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Bob Norton
Bob Norton
The Current State of the Tax Provision Process

A need for standardization and process efficiency.

August 26, 2010
by Bob Norton

In the May issue of AICPA Corporate Taxation Insider, Vertex and AICPA surveyed corporate tax and accounting professionals to gain insight into the global tax provision process. In just six short questions we obtained a snapshot of how corporations are currently handling provision, as well as the challenges they face.

The top three challenges were:

  • Data. One of the key findings of the survey is that while many companies admit their provision model doesn’t contain all the required data, most of them admit that the data exists somewhere in the company’s systems. The problem? Gathering that data from disparate sources in an efficient and timely manner.
  • Resources. Determining the tax provision is a labor-intensive process. Currently, depending on size, tax departments have multiple dedicated resources just to gather the data and maintain their spreadsheets. And with tax department responsibilities increasing and staffing trends remaining flat or decreasing, most corporations are looking at ways to reduce the manual steps required and dedicate their resources to more strategic, higher value tasks. The goal would be to spend less time on manual data collection and calculation, and more time on analysis and critical thinking.
  • Timing. More than half the companies surveyed report that they must prepare the consolidated tax provision in one week or less. This becomes a race against the clock for already resource-strapped tax departments to gather data from disparate sources, manage all the spreadsheets, execute all the calculations, and check the results (especially when those late, post-close entries occur -- which is almost always). Not surprisingly, this circles back to the first challenge of getting 100 percent of the data into the provision model in the first place.

It’s no surprise, then, that the majority of corporations have begun some kind of automation into the provision process. Of the companies who responded to the survey, 68 percent have taken steps to automate the provision process. The reason? Survey respondents reveal the biggest challenge isn’t staying on top of business changes and tax law changes, but the need to standardize and improve the efficiency of the provision process. The focus is on long-term solutions for improved productivity and process efficiency.

While the survey consisted of just six questions, the results paint a clear picture of the maturity of the tax provision process. Strained resources.  A labor-intensive process.  Disparate data sources. And the search for new automation tools to standardize the provision process and improve efficiency.

Below is the raw data from the May 2010 survey.

1. If you have taken steps to automate your tax provision process, what were the reasons?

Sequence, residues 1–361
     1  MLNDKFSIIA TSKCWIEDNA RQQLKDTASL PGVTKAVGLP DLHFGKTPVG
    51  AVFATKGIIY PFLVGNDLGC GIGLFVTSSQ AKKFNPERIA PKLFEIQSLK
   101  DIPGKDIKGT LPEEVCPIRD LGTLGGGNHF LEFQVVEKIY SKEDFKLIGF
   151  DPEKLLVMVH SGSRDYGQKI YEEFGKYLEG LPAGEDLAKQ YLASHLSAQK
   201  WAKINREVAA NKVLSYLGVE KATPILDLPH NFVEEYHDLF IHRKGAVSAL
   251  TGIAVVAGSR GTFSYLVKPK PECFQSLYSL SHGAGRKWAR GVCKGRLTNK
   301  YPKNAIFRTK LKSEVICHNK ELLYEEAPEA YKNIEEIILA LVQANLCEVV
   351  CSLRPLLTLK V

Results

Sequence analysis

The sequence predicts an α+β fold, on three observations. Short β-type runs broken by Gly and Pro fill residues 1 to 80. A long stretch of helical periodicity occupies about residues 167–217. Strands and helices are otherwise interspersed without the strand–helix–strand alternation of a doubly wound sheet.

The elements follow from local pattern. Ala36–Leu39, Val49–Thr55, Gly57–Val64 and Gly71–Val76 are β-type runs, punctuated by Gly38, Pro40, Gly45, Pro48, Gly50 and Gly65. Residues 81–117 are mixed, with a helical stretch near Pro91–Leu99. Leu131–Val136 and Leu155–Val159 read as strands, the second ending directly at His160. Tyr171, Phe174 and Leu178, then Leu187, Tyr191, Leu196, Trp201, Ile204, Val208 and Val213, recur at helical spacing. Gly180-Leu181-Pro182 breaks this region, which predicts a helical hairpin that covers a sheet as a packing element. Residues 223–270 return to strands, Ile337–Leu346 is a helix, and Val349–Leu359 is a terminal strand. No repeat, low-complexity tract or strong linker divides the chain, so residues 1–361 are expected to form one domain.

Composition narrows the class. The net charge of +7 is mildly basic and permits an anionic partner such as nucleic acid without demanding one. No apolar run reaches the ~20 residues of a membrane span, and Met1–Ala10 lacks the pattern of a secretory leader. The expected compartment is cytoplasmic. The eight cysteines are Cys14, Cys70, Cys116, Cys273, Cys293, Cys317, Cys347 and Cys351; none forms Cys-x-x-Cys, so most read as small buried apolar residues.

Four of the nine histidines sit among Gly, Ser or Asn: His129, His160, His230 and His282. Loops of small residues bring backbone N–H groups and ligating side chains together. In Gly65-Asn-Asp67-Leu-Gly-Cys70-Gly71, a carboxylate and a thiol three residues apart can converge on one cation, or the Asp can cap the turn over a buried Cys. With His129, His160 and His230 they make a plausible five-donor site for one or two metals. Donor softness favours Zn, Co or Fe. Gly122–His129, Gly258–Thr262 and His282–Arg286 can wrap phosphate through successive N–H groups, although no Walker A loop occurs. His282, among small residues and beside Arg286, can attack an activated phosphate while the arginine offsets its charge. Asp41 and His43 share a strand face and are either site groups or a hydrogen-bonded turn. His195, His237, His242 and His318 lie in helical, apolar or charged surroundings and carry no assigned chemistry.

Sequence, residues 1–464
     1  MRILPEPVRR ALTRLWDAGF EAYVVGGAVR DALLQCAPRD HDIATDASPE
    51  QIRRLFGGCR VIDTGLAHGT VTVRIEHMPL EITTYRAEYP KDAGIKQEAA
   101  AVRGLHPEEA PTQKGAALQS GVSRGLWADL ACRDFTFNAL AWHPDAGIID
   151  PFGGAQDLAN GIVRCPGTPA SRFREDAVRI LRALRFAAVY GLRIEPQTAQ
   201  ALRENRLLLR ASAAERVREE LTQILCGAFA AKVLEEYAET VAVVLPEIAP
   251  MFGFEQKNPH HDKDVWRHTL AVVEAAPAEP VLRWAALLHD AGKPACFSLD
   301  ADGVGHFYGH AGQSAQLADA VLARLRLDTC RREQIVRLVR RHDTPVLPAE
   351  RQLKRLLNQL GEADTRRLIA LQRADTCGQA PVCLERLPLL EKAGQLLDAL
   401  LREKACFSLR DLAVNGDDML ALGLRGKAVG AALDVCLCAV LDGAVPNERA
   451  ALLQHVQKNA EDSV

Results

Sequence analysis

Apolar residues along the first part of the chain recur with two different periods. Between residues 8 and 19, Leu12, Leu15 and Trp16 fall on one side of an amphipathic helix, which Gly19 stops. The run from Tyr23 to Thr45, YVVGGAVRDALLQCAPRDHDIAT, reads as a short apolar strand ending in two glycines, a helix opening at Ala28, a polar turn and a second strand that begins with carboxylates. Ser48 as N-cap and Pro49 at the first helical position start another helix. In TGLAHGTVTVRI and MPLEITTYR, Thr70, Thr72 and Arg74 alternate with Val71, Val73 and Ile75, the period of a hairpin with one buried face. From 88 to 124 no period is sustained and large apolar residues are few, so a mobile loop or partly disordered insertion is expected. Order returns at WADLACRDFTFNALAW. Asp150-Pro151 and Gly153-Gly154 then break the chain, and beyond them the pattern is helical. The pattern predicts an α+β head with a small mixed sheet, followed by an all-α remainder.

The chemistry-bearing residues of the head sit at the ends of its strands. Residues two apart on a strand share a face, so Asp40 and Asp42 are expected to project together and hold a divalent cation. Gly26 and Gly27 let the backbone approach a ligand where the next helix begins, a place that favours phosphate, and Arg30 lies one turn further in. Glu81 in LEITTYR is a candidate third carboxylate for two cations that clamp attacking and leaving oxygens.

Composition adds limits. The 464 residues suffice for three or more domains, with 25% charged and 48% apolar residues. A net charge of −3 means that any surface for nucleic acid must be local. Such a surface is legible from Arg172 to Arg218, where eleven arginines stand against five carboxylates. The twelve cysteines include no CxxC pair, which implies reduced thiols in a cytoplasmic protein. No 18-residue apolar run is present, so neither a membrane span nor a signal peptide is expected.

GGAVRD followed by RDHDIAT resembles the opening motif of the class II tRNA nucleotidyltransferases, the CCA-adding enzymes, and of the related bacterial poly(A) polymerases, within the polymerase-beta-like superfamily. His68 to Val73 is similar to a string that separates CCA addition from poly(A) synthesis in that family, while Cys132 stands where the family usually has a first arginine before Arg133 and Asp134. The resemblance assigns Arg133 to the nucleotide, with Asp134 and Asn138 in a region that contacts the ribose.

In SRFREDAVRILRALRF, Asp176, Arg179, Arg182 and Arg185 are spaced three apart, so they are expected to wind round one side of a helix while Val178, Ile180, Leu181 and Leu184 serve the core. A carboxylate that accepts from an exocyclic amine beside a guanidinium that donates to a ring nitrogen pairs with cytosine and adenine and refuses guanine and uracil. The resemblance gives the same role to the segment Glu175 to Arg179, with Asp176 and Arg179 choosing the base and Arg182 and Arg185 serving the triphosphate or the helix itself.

% of Total
We had difficulty maintaining our spreadsheet formulas with continual business and tax law change.
9%
We wanted to standardize and improve the efficiency of the provision process.
50%
It was part of an overall tax transformation initiative.
6%

It was part of an overall finance transformation initiative.

3%

We do not report with automation.

32%
Total
100%

Why Automate Provision Pie Chart

2. Has your company undergone a finance transformation or similar project?

 
% of Total
Yes
21%
No
79%
Total
100%

Undergoing Finance Transformation

3. If you use Excel® to do your global tax provision, how many people are responsible for maintaining the spreadsheet calculations?

 
% of Total
1 to 2
68%
3 to 5
26%
6 to 10
3%

More than 10

3%
Total
100%

# of people to maintain spreadsheets

4. At year-end, how long do you have to prepare the consolidated tax provision?

 
% of Total
1 – 5 days
35%
1 week
18%
2 weeks
12%

1 month

21%

2 months

8%

Varies

3%

When earnings are announced

3%
Total
100%

Time to prepare consolidation provision

5. What portion of the data required to do a perfectly accurate tax provision, makes it into your provision model in time for the closing deadline?

 
% of Total
Less than 25%
3%
25% – 50%
9%
50% – 75%
44%

More than 75%

44%
Total
100%

% of required data included

6. What portion of that data is in existence in one of your company’s systems at the end of year-end close?

 
% of Total
Less than 25%
0%
25% – 50%
25%
50% – 75%
33%

More than 75%

42%
Total
100%

% of required data exists

7. Which best describes you?

 
% of Total
I work for a national CPA firm
3%
I work for a regional CPA firm
9%
I work in a Corporate Tax Department
61%
I work in a Corporate Finance Department

9%
I work in a Corporate Accounting Department
15%

I am a Sole Practitioner

3%
Total
100%

 

Respondant Job

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Bob Norton brings 25 years of corporate tax experience from both public accounting and global industry to his role as chief income tax officer. He is responsible for leading Vertex’s Income Tax Technology business aimed at improving the efficiency, accuracy and controls surrounding the corporate income tax process of today’s Fortune 2000 multinational corporations.